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Wildlife Bridges Over Busy Roads Are Saving Animal Lives Across The World

by : Lucy Connolly on : 08 Jun 2019 12:55
Wildlife bridgesWildlife bridgesWikimedia/Flickr

If anyone’s feeling a bit down on this dreary Saturday, don’t worry because I’ve got your back.

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Wildlife bridges are a thing and they’re saving all kinds of animals from meeting an untimely end in road collisions every day.

Rather than risk their lives by crossing busy roads and inevitably getting hit by vehicles, animals such as deer can now cross safely by walking along bridges made specifically for them.

Wildlife bridgeWildlife bridgeWikimedia

As per the National Geographic, a total of 106 animals were killed in car collisions along one stretch of highway in Utah over a period of two years – including 98 deer, three moose, and two elk.

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In fact, there are 21 threatened and endangered species in the US whose survival is threatened by road mortalities every day, with Key deer in Florida and bighorn sheep in California among those.

It isn’t just animals who are hurt in these collisions either; according to the National Highway Traffic Safety Administration, approximately 200 people die every year in more than one million animal-car collisions in America.

The problem only seems to be getting worse, with Rob Ament, the road ecology programme manager at the Western Transportation Institute (WTI), confirming the number of these fatal crashes is growing.

Ament said, as per the National Geographic:

Over the most recently reported 15-year period, wildlife-vehicle collisions have increased by 50 percent, with an estimated one to two million large animals killed by motorists every year.

Don’t fret though, because wildlife bridges are saving lives all over the place by decreasing collisions between cars and animals crossing the road – and they’re here to stay.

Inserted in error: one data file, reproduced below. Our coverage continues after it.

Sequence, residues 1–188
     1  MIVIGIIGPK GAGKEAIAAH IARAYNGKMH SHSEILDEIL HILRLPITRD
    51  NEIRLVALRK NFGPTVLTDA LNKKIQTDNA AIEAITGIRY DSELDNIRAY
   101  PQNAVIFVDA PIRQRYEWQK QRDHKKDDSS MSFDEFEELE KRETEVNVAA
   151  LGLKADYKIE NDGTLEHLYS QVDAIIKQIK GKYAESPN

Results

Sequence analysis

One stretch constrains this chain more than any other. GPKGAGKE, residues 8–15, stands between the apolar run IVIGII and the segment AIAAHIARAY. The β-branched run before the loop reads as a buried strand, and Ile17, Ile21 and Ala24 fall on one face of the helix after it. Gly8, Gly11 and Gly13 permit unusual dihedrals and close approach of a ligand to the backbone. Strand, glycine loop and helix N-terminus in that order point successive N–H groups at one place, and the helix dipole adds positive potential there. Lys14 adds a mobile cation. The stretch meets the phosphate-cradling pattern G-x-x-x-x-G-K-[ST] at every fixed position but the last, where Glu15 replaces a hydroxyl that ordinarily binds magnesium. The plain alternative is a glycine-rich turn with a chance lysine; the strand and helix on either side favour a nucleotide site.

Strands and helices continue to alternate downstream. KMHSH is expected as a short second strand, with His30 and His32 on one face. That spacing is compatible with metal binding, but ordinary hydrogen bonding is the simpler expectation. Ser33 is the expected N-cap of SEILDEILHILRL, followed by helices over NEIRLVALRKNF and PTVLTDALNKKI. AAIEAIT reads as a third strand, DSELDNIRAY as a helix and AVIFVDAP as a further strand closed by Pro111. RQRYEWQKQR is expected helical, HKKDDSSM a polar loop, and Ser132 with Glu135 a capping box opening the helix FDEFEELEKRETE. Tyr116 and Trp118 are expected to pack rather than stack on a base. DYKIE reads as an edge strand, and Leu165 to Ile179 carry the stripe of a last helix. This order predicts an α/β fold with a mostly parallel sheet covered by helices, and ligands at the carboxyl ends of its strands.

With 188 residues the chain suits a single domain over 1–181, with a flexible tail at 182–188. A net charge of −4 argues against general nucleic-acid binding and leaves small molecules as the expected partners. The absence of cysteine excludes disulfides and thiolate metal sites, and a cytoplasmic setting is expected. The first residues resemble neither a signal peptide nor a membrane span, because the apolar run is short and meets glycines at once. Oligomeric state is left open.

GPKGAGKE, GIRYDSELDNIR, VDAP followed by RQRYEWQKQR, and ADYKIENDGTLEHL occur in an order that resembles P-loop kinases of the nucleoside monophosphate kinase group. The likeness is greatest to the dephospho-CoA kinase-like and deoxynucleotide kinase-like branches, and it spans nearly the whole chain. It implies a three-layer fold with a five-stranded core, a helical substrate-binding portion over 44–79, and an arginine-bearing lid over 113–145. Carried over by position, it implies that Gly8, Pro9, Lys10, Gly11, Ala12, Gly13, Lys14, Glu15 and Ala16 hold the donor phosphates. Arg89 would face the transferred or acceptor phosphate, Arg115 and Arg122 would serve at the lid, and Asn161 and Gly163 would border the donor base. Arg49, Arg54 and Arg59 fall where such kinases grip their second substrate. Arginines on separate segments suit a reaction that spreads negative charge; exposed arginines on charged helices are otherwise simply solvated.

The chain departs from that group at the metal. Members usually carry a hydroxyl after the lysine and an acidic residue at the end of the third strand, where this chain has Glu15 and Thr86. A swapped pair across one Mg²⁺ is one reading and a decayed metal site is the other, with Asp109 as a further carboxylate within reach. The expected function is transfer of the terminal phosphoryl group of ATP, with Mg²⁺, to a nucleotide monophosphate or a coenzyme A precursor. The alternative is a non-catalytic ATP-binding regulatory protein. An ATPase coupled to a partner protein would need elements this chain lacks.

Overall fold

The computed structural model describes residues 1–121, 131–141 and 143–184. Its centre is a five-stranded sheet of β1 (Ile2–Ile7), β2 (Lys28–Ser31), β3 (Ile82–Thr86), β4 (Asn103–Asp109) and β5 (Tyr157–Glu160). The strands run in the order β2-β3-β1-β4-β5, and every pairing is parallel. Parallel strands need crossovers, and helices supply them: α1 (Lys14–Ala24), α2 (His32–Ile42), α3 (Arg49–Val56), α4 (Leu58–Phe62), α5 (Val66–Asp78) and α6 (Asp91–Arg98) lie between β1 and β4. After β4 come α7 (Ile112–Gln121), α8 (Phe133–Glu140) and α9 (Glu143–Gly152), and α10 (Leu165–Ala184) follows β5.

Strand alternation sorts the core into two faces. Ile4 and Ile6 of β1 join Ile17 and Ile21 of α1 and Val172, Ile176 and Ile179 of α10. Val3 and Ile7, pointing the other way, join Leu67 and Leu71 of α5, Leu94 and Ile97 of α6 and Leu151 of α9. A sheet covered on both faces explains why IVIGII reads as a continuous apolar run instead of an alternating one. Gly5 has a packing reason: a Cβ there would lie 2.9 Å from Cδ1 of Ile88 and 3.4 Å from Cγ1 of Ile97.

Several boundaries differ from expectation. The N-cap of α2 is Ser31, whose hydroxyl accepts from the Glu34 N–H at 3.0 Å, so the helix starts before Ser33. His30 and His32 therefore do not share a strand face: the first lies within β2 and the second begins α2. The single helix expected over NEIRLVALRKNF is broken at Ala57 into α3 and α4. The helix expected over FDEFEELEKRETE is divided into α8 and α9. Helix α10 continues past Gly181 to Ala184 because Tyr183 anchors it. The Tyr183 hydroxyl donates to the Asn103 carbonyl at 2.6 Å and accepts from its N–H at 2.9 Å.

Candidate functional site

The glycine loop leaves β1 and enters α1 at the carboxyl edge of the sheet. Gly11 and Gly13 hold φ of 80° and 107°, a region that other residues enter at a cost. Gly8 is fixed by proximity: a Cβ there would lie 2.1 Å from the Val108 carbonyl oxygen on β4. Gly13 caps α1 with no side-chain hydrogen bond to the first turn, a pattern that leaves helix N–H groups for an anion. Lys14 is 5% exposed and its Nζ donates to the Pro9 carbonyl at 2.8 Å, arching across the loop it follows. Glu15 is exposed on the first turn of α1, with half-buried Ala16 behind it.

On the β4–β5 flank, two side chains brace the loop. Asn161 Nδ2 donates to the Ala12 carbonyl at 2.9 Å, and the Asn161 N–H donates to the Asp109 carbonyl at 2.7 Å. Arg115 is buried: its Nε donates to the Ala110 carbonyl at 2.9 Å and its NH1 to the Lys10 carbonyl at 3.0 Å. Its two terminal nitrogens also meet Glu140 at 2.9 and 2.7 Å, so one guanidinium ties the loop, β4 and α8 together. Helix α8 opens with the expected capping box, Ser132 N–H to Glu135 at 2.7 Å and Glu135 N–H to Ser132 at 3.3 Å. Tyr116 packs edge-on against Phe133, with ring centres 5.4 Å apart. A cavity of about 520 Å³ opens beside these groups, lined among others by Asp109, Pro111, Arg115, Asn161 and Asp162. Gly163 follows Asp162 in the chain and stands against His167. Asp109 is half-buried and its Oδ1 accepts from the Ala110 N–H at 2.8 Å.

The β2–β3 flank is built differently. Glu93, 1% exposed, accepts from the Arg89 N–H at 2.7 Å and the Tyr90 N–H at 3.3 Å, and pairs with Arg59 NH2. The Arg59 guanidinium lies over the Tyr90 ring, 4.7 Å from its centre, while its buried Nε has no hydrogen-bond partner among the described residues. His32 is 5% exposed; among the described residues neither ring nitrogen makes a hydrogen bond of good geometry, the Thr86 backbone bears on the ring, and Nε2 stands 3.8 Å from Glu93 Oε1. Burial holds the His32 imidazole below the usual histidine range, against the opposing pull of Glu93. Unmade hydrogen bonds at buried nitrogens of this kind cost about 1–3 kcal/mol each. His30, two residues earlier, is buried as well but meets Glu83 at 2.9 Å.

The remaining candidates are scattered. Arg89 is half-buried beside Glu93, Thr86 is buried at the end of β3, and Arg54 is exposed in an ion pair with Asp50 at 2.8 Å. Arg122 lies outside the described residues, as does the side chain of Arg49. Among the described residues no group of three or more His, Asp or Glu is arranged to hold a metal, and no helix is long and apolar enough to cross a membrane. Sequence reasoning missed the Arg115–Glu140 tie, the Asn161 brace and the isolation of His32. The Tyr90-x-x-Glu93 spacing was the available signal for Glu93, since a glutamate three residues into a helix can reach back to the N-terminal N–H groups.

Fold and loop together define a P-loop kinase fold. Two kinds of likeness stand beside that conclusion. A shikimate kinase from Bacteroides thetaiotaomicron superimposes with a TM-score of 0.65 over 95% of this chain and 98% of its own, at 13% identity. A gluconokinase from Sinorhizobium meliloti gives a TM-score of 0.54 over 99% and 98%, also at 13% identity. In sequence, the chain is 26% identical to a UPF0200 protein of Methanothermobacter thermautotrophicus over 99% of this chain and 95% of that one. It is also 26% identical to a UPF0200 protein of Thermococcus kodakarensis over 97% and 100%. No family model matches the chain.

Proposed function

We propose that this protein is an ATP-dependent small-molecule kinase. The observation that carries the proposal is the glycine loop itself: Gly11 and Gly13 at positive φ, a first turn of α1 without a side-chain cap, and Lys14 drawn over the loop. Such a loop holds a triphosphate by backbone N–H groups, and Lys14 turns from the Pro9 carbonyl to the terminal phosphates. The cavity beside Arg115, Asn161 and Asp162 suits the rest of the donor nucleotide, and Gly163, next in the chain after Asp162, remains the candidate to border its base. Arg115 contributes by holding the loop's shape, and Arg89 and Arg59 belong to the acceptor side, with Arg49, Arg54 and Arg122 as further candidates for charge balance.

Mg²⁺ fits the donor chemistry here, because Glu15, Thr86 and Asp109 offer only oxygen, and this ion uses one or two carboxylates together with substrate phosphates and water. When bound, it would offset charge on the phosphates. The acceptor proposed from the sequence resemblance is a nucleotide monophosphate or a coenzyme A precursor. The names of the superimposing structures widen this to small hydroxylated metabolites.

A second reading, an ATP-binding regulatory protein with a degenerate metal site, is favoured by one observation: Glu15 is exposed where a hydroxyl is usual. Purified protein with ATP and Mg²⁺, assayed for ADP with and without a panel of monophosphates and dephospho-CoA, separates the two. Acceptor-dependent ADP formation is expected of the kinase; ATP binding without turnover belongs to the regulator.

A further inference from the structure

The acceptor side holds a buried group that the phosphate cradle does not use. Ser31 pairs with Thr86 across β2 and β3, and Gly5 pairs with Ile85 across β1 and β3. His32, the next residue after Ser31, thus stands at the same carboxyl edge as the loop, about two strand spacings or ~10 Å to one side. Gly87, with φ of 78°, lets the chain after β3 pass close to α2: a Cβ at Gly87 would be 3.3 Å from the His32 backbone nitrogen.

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Such crossings have been popular in Europe since the 1950s, when the first one was built in France, but are now popping up worldwide. And I’m all here for it.

Ament continued:

You can get reductions [of animal road collisions] of 85 to 95 per cent with crossings and fencing that guide animals under or over highways.

Usually, the bridges look like normal ones which cars would be able to use. That is, until you get closer and notice the shrubs and greenery.

Undercrossings also exist, which pass underneath highways to help smaller animals that might be invisible to drivers – for example, gold monkeys and pumas are making use of them in Brazil and water voles are using those in London.

See, I told you I’d brighten your day. We must protect them at all costs.

If you have a story you want to tell send it to UNILAD via [email protected]

Lucy Connolly

A Broadcast Journalism Masters graduate who went on to achieve an NCTJ level 3 Diploma in Journalism, Lucy has done stints at ITV, BBC Inside Out and Key 103. While working as a journalist for UNILAD, Lucy has reported on breaking news stories while also writing features about mental health, cervical screening awareness, and Little Mix (who she is unapologetically obsessed with).

Topics: Animals, Life, Nature, wildlife

Credits

National Geographic
  1. National Geographic

    How wildlife bridges over highways make animals—and people—safer